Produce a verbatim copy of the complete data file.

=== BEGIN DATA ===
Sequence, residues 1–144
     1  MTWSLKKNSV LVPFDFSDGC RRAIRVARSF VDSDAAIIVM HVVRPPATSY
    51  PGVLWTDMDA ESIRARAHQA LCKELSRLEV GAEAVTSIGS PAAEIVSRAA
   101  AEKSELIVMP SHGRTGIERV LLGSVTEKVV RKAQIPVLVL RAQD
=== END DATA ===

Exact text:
Sequence, residues 1–144
     1  MTWSLKKNSV LVPFDFSDGC RRAIRVARSF VDSDAAIIVM HVVRPPATSY
    51  PGVLWTDMDA ESIRARAHQA LCKELSRLEV GAEAVTSIGS PAAEIVSRAA
   101  AEKSELIVMP SHGRTGIERV LLGSVTEKVV RKAQIPVLVL RAQD